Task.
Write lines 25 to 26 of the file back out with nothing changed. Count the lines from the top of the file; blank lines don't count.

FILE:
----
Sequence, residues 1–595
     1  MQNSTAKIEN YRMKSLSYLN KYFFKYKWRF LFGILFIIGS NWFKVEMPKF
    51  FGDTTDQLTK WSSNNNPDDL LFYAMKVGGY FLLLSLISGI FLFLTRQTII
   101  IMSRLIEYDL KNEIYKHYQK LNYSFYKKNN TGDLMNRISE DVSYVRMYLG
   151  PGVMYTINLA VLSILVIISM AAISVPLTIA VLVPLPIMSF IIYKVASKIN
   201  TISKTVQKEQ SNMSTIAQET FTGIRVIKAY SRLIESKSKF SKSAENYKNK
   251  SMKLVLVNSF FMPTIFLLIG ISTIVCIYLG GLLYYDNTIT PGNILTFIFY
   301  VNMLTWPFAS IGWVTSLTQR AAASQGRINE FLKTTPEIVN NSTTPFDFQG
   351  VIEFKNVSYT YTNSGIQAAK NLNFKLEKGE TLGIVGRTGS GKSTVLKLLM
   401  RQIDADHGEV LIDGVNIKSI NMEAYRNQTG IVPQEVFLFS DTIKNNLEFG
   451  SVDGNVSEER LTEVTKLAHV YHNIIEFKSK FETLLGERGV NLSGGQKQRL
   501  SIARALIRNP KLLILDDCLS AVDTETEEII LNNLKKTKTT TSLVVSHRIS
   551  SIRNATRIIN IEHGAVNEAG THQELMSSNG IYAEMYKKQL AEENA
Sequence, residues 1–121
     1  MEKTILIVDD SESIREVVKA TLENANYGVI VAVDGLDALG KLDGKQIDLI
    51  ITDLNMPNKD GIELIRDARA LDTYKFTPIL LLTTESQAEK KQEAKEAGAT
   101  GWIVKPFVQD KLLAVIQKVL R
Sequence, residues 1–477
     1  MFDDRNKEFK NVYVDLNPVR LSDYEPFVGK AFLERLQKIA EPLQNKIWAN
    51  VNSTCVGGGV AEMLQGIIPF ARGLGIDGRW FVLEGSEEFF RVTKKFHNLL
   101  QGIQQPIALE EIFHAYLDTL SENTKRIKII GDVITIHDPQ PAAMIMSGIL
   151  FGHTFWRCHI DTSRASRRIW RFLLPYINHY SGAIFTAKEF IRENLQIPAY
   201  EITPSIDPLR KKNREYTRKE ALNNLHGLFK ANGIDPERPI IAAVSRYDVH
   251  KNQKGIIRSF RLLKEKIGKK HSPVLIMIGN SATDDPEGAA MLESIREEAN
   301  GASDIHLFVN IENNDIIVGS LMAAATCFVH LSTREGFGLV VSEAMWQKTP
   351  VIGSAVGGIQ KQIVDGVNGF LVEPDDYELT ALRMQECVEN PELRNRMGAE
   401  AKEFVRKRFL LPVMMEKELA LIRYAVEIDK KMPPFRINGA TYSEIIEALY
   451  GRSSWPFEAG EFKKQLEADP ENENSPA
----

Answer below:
   301  GASDIHLFVN IENNDIIVGS LMAAATCFVH LSTREGFGLV VSEAMWQKTP
   351  VIGSAVGGIQ KQIVDGVNGF LVEPDDYELT ALRMQECVEN PELRNRMGAE